Crocodiles, sacred to several Egyptian gods, including Sobek, were mummified in large numbers. While cleaning a crocodile mummy at the Cairo Museum, Dr. Ikram advised that she had found what she initially thought were sticks in the mouth, only to discover that they were baby crocs being carried protectively in their mother’s mouth.

Sacred rams have survived in a mummified state, but interestingly, when X-rayed, they proved not to have any horns.  Dr. Ikram speculated that they might have been removed to use as part of kingly or priestly headdresses or regalia.

Mummified votive offerings range from sacred beetles to crocodiles, all of which were bred to serve this purpose.  Dogs, cats, shrews (sacred to the sun god), raptors, crocodiles, ibis’s, falcons, snakes (some with their heads severed), and baboons or monkeys all served their cults in this way. Dr. Ikram has looked at all of them to try to date them and determine where they came from.  Sometimes these votive mummies turn out to be fakes.  The bundle may be made form mud or stray or even papyrus stems, with only a bit of hair or bone from the sacred animal included in the bundle, to “make it so”.   In other words the part symbolized the whole.  She noted that in her experience, the finer the wrappings the more likely the contents will be fake.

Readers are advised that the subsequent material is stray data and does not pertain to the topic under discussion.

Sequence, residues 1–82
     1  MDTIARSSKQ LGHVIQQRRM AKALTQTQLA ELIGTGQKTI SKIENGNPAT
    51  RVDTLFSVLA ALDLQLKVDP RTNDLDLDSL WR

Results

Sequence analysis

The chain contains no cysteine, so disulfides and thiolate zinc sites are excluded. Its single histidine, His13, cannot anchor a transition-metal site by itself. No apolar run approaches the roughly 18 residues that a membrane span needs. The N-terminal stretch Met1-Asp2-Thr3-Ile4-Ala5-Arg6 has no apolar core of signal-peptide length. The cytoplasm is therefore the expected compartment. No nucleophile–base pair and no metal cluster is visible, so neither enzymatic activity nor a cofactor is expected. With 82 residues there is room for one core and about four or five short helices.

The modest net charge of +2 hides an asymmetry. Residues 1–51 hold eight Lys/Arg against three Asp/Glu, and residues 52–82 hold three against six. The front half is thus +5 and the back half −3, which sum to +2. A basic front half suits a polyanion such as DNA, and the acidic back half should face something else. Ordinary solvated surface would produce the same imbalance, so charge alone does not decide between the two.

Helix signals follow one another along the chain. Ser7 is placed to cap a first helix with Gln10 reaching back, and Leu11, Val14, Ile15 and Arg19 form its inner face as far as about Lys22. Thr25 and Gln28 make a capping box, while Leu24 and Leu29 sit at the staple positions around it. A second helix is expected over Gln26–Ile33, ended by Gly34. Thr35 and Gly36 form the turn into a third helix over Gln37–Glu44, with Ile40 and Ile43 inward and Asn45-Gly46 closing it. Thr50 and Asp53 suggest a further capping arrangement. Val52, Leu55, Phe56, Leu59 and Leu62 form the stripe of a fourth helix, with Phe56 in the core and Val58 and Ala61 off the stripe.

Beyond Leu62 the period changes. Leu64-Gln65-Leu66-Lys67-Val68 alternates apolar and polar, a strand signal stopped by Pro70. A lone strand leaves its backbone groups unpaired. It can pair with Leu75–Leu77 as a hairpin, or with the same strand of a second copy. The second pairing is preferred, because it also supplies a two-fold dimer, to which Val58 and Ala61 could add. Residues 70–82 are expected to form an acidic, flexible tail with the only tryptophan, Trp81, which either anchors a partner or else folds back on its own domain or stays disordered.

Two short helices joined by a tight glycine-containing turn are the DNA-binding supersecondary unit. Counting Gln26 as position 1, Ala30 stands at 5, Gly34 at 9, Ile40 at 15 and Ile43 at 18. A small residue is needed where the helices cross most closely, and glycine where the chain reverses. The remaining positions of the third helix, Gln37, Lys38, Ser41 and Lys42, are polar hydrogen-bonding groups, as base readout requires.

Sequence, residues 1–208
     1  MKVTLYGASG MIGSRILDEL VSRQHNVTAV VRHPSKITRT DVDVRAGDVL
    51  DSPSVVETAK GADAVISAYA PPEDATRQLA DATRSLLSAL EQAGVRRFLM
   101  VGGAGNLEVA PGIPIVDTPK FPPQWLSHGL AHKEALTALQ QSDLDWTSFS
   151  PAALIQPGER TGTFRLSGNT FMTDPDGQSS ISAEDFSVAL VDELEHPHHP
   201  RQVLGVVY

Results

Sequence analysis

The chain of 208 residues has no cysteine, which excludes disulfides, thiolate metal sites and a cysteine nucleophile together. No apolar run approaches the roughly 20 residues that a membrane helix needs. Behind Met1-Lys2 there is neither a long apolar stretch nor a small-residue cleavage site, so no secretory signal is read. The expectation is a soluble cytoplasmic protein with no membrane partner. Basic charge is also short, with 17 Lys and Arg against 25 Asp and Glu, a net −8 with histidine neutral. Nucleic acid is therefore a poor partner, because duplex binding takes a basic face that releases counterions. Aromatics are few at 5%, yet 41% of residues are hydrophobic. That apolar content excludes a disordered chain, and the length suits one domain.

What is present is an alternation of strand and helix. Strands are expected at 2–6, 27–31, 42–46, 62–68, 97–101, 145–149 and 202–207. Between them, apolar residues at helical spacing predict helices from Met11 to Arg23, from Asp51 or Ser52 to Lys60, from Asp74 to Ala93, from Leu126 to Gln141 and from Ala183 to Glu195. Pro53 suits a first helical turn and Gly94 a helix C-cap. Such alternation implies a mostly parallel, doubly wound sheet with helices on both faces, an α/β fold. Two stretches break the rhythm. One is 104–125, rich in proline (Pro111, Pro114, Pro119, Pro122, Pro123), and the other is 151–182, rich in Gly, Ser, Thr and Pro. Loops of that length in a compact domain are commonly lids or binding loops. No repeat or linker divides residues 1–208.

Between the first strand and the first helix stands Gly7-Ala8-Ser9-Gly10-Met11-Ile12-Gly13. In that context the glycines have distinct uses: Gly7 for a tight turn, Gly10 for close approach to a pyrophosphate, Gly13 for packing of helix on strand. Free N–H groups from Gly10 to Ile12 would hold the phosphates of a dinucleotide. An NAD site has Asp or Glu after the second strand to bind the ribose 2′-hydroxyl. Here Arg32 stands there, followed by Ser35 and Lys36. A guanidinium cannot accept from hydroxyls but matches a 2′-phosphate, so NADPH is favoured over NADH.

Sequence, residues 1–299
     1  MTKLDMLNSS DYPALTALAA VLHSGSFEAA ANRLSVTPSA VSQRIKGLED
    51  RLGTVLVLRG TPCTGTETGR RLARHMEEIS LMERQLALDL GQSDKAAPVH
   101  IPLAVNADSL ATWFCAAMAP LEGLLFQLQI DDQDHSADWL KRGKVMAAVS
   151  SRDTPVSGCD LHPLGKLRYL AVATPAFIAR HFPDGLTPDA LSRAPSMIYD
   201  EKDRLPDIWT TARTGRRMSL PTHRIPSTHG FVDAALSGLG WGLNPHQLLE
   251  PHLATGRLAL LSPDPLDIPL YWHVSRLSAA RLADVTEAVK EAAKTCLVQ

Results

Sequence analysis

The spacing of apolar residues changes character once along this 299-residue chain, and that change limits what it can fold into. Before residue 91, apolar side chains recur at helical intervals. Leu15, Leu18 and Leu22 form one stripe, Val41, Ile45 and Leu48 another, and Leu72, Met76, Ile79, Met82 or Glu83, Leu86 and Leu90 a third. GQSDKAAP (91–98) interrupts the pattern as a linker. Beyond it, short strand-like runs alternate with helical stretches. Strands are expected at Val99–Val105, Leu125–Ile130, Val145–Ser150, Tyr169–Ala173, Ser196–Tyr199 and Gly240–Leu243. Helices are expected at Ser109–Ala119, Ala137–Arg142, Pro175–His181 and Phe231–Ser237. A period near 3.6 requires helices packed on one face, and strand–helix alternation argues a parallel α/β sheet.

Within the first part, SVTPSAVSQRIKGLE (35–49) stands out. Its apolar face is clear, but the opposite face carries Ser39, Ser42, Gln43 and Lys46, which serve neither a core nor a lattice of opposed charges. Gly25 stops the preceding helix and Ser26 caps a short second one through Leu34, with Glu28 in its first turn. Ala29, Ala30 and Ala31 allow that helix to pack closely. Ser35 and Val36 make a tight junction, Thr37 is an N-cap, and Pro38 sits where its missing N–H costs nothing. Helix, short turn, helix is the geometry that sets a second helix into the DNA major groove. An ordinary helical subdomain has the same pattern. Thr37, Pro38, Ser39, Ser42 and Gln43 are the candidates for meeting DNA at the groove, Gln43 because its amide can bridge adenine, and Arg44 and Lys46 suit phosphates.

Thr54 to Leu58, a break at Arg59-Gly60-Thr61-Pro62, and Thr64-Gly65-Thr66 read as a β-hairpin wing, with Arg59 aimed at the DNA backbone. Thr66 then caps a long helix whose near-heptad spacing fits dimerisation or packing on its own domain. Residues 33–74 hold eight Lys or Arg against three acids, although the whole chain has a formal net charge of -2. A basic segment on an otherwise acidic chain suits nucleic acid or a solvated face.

Dr. Ikram, and Dr. Cruz-Uribe, who was in the audience, summarized the exaggerated animal aspects of Egyptian religion, particularly in the Late period and into the early Greco-Roman Period, as a reaction to the impact of invaders. The uniqueness of the “animal” deities gave the Egyptians a sense of approachability to their gods.  There may also have been a connection to the decline in state support for the temple complexes – similar to the selling of indulgences in the Medieval Period in Europe.